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A RAISIN IN THE SUN by Hansberry, , Writer - Lorraine Hansberry, Director - Dawn Walton, Designer - Amanda Stoodley, Lighting - Aideen Malone, Sheffield Theatres, 2016, Credit: Johan Persson/

Southampton Solent’s student-run organisation, The Quill Society, ran a trip to see A Raisin in the Sun performed at the Nuffield Theatre in Southampton. It proved to be a thoroughly enjoyable event for everyone that went, myself included. Being an admirer of Lorraine Hasberry’s play prior to the show, I was eager the to see it performed live for the first time.

Lorraine Hansberry’s play tells the story of a working class African American family living in the slums of Chicago’s segregated Southside during the 1950s (slightly before the African American Civil Rights Movement). They long to leave their cramped home to move to greener pastures. However, when the opportunity arises for the family to do just that, they have conflicting ideas about how it should be done.

Eclipse Artistic Director Dawn Walton did a fantastic job; it is evident that a lot of work went in to this production. The set designer did a perfect job in emphasizing just how cramped the Younger family’s living situation was. The décor was simple and true to the style prevalent in America during the 1950s. Some houses in the Southside of Chicago at the time probably resembled it.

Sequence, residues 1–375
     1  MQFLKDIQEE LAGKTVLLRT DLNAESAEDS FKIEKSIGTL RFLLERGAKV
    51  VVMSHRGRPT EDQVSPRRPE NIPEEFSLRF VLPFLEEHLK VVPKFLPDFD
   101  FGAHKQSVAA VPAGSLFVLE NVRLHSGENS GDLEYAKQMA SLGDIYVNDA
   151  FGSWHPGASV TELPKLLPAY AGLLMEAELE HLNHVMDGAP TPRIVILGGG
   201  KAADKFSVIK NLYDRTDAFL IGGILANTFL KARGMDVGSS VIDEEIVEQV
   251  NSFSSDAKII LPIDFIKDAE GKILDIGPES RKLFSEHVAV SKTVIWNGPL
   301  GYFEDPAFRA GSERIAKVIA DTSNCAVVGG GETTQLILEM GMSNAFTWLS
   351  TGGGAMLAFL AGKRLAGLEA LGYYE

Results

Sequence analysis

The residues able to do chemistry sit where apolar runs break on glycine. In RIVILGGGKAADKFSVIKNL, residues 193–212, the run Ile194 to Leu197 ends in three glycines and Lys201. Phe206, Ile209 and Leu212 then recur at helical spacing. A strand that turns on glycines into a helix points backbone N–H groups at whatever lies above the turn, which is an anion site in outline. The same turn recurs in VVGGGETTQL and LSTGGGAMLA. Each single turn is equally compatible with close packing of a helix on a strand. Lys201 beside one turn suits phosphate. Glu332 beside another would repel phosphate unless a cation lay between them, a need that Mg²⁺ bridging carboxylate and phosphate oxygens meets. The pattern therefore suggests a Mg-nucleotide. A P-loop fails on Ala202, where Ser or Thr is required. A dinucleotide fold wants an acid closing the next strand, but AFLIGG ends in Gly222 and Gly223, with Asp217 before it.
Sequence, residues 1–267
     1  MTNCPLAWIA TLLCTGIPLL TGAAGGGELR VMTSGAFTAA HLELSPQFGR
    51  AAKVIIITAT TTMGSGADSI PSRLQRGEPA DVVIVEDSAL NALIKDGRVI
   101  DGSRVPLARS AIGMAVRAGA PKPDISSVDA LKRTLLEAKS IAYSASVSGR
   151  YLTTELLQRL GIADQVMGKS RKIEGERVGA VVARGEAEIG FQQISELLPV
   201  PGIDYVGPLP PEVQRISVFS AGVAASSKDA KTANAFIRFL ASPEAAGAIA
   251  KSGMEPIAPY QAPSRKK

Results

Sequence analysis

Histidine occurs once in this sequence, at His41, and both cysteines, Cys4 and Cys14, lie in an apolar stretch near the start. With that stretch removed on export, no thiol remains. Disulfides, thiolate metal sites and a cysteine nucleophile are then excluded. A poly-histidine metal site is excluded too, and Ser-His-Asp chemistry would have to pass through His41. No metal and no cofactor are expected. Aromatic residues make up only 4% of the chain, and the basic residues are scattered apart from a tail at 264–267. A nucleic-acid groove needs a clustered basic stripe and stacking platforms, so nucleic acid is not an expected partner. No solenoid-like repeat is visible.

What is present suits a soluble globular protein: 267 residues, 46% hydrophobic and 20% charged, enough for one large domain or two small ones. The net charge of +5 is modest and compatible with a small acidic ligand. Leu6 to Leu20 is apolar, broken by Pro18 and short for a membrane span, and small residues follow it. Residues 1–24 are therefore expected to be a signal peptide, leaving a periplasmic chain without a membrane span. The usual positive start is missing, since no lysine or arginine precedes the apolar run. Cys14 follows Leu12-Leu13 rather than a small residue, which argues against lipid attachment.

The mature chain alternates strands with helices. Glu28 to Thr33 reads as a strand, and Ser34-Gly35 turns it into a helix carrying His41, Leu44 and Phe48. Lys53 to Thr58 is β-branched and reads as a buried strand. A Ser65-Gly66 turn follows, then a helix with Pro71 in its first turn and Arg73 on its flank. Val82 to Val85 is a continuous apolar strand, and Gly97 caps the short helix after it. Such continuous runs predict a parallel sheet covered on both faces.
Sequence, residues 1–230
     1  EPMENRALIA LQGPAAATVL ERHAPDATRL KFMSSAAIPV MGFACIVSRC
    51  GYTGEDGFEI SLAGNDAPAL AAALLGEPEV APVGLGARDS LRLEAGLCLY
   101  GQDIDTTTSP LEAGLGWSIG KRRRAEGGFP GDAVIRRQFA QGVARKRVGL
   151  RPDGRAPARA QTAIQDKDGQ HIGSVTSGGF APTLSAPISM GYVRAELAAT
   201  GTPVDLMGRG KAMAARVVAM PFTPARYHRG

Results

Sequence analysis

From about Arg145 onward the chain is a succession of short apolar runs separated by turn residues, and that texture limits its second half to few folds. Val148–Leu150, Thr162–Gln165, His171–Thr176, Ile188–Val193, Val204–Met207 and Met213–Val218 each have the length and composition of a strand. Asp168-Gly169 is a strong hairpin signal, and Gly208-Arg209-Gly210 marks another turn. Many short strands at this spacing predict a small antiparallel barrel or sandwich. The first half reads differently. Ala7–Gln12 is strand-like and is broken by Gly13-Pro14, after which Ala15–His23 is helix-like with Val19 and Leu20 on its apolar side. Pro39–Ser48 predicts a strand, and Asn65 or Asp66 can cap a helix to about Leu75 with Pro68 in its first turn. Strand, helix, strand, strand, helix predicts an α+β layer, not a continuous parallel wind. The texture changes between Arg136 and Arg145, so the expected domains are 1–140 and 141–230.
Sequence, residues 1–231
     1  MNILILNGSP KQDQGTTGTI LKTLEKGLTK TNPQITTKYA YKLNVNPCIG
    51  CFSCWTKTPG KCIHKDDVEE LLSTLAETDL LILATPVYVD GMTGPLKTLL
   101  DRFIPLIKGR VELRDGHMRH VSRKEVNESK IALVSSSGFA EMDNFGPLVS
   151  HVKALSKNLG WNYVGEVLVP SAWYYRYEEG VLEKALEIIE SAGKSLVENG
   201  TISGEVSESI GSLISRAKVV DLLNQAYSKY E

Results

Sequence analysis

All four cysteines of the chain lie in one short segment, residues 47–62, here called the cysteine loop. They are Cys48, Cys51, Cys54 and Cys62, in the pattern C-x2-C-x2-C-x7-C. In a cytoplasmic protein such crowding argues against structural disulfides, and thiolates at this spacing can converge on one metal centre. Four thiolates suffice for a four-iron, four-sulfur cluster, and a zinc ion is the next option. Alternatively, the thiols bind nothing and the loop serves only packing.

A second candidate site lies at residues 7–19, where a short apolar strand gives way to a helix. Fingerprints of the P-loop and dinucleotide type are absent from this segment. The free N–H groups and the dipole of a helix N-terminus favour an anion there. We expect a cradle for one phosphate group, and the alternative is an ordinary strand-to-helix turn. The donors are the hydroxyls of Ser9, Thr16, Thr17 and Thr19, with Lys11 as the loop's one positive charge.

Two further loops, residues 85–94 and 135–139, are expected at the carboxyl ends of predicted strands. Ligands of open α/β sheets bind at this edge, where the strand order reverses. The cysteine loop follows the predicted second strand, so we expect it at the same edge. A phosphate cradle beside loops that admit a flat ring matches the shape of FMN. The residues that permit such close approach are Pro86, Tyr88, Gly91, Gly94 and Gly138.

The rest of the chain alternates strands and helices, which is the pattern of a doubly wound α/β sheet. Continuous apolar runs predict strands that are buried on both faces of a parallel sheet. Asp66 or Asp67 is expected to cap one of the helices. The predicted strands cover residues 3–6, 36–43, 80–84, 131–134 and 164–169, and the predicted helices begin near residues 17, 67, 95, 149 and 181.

There was not much I could fault the show for, it was a truly excellent performance from the cast, most notably was the performance of award winning actor Ashley Zhangazha, who portrays the family patriarch. Three years after collecting an Ian Charleson Award for his role in Macbeth, Zhangazha continues his path to stardom in his portrayal of Walter Younger. The talented actor adeptly portrays a man who is clearly dissatisfied with his life situation. Walter’s growing impatience is orchestrated brilliantly by Zhangazha, as he plays on his compulsiveness and paces the stage in a deranged fashion. Walter’s madness, desperation and envy are key characteristics of the character that he expresses diligently.

Credit: www.nuffieldtheatre.co.uk / Johan Persson
Credit: www.nuffieldtheatre.co.uk / Johan Persson

Director Dawn Walton said “Hansberry allows her characters to speak the truth in a way that transcends time and place.” Fifty-seven years after it was first performed, it is troubling that this play still has contemporary relevance in its key theme of inequality. However, it is promising to see that there has been progress since then. Moreover, this is a play that is universally relevant due to the nature of the conflict within a family and crises of opportunity.

On a lighter note, Angela Wynter put in a strong performance as the conservative mother, Lena Younger. There was a great chemistry on stage between her and Susan Wokoma (Misfits, The Inbetweeners 2) who plays her daughter Beneatha as powerful scenes between them show the gap between the two generations, they have conflicting ideologies in the form of; religion, identity and feminism.

There were some scenes of comic relief inside the family drama, which are mostly the Youngers looking for their African heritage in an ignorant manner, full of clichés and stereotypes, to the amusement of the audience and the only African character, Asagai, played by Aron Julius.

It was an excellent performance from all of the actors and one that I recommend you go and see. The Nuffield Theatre is now offering £10.00 tickets for students with a valid student ID card. Buy tickets for A Raisin in the Sun on their website at www.nuffieldtheatre.co.uk

Also:

Don’t miss The Quill Society’s next event, a writing workshop with Carolyn Cummings-Osmond, taking place on the 21st of March from 7-9pm.

Enquiries: quill@solentsu.co.uk

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